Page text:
Rare earth taps Europe's investors
Kate Emery, The West AustralianApril 21, 2012, 9:29 am
WA's leading mining lobby group will head a delegation of the
State's rare earths and lithium players to Europe next month in the
hope of securing German and French investment for the next wave of
The Chamber of Minerals and Energy-headed delegation, to include
representatives from Lynas Corp, Galaxy Resources, Hastings Rare
Metals and Reed Resources, among others, will meet car makers such
as BMW, Volkswagen and Renault, whose next generation of hybrid and
electric cars rely on technology powered by rare earths and
FACTS ABOUT LYNAS
1 Opposition invoked “emotion and anger” to exploit the fear and
phobia of nuclear radioactive after Japan’s Fukushima whereby the
incident involves a nuclear reactor unlike Lynas that involves a
rare earth processing plant of allowable radioactive level.
2 Opposition leader in the State Assembly, Leong Ngah Ngah from
DAP, when attending the briefings on the project for elected
representatives in 2009, had also agreed to the construction of the
project, and was reported by a Chinese daily as saying that the
state government had managed to secure a huge investment from
3 PAS Hulu Langat Member of Parliament, Dr. Che Rusli who is also
an expert on radioactivity had also confirmed that the project is
not hazardous and within international management standards.
4 New York Times also wrote that the Lynas plant, which is being
built in Gebeng, will house radiation sensors and the latest
equipment in pollution control, besides featuring 12 acres of
temporary storage pools that will be lined with dense plastic and
sit atop nearly impermeable clay, to hold the slightly radioactive
by-products until they can be carted away.
...und der Lynas Chef der LAMP verliert so langsam die Geduld: mit
Video vom Werk, der Pressekonferenz, der Werksberichtigung für die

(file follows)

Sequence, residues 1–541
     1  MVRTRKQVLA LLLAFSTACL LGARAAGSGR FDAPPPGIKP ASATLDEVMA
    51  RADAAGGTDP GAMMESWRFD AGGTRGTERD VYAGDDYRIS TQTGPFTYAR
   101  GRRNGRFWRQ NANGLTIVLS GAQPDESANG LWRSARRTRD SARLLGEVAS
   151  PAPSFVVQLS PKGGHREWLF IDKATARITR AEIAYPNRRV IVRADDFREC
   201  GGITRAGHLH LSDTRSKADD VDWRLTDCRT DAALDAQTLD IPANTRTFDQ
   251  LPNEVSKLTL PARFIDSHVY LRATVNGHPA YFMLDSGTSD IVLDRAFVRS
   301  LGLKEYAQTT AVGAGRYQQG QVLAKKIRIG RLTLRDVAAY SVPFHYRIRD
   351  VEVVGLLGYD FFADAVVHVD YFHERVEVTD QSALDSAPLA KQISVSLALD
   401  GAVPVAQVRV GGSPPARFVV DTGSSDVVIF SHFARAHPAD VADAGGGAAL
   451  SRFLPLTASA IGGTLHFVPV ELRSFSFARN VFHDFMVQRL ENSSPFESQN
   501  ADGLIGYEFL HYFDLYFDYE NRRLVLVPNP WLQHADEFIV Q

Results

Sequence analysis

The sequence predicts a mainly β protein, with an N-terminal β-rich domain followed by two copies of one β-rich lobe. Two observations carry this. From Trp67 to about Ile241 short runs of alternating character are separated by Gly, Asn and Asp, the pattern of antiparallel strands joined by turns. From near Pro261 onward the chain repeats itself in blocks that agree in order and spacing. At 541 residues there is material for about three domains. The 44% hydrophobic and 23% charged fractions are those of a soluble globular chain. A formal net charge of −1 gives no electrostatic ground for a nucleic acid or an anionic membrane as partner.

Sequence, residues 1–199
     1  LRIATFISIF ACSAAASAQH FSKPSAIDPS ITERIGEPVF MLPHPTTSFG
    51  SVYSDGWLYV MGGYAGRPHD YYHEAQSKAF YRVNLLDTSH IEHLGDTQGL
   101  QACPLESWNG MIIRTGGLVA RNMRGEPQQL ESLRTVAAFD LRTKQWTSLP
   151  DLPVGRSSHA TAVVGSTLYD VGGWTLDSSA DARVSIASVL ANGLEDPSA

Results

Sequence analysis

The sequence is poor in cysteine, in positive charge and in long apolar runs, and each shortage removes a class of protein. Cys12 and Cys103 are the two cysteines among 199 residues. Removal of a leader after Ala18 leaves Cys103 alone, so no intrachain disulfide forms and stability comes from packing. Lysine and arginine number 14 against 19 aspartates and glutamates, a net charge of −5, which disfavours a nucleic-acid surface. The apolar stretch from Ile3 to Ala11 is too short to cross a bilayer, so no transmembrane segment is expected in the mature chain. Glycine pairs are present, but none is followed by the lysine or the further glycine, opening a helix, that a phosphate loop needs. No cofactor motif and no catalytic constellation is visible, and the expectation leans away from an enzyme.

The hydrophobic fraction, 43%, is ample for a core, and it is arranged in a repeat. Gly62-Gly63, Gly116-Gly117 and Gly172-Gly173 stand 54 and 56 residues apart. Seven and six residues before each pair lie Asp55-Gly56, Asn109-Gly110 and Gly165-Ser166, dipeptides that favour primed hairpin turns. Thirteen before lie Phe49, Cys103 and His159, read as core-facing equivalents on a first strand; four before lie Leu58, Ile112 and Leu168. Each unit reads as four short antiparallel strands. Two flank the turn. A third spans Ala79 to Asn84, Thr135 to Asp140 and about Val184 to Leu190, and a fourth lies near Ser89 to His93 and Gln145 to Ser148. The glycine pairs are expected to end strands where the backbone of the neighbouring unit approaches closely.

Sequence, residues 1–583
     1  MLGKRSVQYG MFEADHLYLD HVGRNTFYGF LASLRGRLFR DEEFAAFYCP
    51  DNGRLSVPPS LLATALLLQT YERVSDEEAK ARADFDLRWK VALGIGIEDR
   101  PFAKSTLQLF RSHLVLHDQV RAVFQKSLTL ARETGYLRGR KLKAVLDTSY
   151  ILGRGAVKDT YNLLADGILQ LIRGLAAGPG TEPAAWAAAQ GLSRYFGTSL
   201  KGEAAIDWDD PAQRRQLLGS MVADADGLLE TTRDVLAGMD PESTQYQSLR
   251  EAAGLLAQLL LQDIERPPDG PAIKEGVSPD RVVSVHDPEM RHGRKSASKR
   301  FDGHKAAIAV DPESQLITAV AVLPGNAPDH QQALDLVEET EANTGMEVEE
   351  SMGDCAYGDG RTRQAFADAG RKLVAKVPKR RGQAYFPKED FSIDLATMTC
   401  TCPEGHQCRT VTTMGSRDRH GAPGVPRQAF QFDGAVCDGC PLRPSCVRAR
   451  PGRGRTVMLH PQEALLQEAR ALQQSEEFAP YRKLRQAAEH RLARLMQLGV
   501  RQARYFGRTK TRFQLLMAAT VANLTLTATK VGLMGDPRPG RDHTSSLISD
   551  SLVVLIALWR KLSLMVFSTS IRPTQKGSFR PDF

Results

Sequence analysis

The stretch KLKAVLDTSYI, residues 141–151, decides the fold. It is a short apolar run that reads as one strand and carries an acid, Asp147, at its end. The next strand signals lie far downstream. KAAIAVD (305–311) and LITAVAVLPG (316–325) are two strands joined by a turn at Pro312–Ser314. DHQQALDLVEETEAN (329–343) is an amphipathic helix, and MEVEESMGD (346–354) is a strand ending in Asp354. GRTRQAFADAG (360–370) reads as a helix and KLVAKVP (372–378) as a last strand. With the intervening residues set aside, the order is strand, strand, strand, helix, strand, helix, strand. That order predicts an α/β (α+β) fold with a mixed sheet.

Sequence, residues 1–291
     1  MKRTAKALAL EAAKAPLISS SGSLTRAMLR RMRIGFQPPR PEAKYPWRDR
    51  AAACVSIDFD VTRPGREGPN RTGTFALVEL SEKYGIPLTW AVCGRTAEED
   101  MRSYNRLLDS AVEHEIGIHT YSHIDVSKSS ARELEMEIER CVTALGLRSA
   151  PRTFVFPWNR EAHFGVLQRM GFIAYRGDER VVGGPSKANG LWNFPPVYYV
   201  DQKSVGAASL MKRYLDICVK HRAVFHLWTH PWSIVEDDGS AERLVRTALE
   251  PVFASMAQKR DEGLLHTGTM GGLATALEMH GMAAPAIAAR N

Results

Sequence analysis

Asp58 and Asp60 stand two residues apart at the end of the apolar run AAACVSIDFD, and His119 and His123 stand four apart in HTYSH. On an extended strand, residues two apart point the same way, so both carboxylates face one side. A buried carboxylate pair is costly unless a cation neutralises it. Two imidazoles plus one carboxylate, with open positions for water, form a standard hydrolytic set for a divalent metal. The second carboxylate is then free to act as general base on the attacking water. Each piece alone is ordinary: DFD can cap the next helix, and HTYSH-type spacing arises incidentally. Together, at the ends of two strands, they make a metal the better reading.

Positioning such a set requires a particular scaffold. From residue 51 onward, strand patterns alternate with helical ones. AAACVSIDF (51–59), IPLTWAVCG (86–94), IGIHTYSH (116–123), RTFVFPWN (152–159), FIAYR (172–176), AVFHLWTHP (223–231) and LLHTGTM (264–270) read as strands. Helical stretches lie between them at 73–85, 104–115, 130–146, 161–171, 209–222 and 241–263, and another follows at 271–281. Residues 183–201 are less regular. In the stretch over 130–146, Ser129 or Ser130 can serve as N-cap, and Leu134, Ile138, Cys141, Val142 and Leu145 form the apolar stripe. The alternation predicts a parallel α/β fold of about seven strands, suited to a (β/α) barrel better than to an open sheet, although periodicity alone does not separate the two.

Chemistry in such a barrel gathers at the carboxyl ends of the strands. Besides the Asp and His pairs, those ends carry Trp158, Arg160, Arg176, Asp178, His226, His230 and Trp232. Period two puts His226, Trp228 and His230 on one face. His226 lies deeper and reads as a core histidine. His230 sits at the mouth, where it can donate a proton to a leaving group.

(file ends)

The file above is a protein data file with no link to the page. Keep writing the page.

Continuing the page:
internationale Presse sowie von der Massendemonstration vor der
LAMP von Lynas.
Lynas on impact of rare earth plant delay in Malaysia
By Malaysia Bureau Chief Melissa Goh | Posted:
20 April 2012
GEBENG, Pahang: Australian miner Lynas Corporation has said the
delay at its controversial rare earth refinery in Malaysia is
taking a heavy toll on the company.
Lynas Malaysia's managing director Mashal Ahmad insists the plant
is safe and appears confident it will get the go-ahead to operate,
despite widespread public protests.
After having seen its share price fall by 50 per cent in the past
year, Lynas Corporation desperately needs to fire up its Malaysian
rare earth refinery.
Originally scheduled to begin operations late last year, the
refinery would have been the world's largest.
But the setback has cost Lynas dearly, and it is now in danger of
losing out to its competitor, American mining company Molycorp.
Costing over US$800 million, the rare earth refinery - which
consists of two phases - will now be fully completed in two weeks
but staunch opposition by concerned Malaysians has prevented the
plant from firing up, resulting in costly delays to the Australian
Mr Mashal voiced his frustration to the media.
trotz allem @ noch ein schönes Restwochenende